America’s Path to Energy Independence

Oil pump in front of American flag

Energy independence is one of the few things that Democrats and Republicans can agree on, but they disagree strongly on exactly what energy independence means and how to achieve it.

Generally, “energy independence” refers to a country’s ability to produce all of the energy it needs (or a surplus) by itself. During his State of the Union Address in February 2020, President Trump proudly announced that America is now energy independent. In some sense, we can say this is true because the U.S. exports more petroleum than it imports.

However, as critics are quick to point out, America is still importing petroleum. Some would argue that until we produce all of our energy domestically, we are not truly energy independent.

If we can produce more petroleum than we need, why are we still importing it from other countries? The situation is more complex than many people realize. There are several reasons the U.S. might continue to import petroleum, such as:


Producing oil is an expensive process that requires heavy equipment and highly trained personnel. In addition, oil production often occurs in remote areas. Labor costs in the United States are high, and importing oil is often a more cost-effective solution.


How do we transport oil from its remote production sites to refineries, distribution centers, and customers? The most efficient way to transport oil is through a network of pipelines, but constructing them is another hotly contested political issue in America. The relative lack of pipeline distribution networks means imported oil may be cheaper than the oil we produce domestically.


Have you ever thought about what happens between petroleum producers pumping oil out of the ground and you pumping gasoline into your car? Oil goes through a complex process of refining, purifying, and blending before it becomes usable fuel. It can be cheaper and more efficient to import a finished product from another country.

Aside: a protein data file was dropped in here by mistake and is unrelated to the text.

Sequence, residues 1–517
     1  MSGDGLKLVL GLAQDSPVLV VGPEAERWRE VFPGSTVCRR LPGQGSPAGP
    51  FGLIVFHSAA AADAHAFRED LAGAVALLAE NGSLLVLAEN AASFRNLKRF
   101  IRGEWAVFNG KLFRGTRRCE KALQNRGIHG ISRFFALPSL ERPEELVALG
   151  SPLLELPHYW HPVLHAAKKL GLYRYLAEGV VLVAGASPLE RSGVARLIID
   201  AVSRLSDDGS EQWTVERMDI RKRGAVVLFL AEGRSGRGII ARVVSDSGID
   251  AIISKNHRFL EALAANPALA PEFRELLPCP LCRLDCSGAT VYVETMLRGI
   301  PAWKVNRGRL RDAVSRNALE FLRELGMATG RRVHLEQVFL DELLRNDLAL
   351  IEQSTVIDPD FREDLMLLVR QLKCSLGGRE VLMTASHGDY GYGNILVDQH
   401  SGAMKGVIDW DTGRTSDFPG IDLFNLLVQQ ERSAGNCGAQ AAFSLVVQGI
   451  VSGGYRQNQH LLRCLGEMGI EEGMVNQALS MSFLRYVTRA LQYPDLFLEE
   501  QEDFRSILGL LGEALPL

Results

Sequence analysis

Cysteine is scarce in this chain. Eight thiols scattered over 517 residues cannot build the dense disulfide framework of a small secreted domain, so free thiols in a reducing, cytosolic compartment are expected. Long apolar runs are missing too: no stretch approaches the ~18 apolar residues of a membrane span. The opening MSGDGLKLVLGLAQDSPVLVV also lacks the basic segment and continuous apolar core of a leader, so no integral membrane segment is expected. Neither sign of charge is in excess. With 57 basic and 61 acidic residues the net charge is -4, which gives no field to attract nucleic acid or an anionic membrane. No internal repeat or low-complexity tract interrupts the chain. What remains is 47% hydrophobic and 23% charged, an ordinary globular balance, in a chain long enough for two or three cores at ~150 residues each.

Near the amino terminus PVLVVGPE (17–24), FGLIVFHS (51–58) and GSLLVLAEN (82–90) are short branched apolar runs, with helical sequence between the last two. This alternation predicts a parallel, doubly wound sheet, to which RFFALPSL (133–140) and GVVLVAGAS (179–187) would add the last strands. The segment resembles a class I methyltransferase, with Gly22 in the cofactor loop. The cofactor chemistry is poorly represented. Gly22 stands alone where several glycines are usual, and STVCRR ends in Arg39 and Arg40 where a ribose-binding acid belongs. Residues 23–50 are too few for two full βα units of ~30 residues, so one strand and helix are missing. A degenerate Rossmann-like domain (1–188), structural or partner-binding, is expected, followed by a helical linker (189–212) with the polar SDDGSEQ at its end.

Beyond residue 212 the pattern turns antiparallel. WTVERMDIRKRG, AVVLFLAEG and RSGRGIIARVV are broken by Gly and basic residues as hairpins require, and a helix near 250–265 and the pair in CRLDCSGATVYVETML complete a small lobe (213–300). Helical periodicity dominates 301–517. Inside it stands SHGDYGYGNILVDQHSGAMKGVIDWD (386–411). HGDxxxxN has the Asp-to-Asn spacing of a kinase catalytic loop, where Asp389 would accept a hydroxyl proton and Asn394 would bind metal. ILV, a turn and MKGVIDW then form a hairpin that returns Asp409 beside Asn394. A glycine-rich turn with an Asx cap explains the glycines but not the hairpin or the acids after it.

Petroleum Grades

Oil comes in a variety of grades and types that are suitable for different purposes. Just because America produces plenty of oil doesn’t mean it’s always the kind we need to make diesel, gasoline, or other fuels we depend on.

By some measures, the United States has already achieved energy independence. In another sense, we have a long way to go. Whether or not we ultimately achieve full energy independence, producing more energy domestically puts us in a powerful place to negotiate from when working out trade deals with other nations.

California’s Zero-Emission Equipment Program

"No emissions allowed" sign depicting a car.

The impact of human activity on the environment is increasingly important to consumers. The financial cost of reducing carbon emissions is significant, but the cost of alienating environmentally aware consumers may be greater.

For some shippers, there could be a significant reduction in the expenses that go toward meeting carbon emissions goals. The California Air Resources Board has launched its Clean Off-Road Equipment Voucher Incentive Project, or CORE. This program designates $44 million in vouchers that shippers can use to deploy low- and zero-emission equipment at airports, distribution centers, ports, and rail yards. The funds come from the California Climate Investment Initiative, a statewide program that invests cap-and-trade dollars in projects designed to reduce carbon emissions.

The shipping industry is one of California’s biggest economic sectors, but it is heavily reliant on equipment powered by fossil fuels. What steps can the industry take to change this? Here are five possibilities:

Zero-Emission Vehicles

Zero-emission vehicles are gaining popularity for both personal and commercial use. Traditional manufacturers like Daimler, Hyundai, and Toyota, and the electric vehicle manufacturer Tesla, are rolling out electric and fuel-cell powered vehicles that operate without carbon emissions. These technologies are easy to apply to forklifts and other transportation equipment.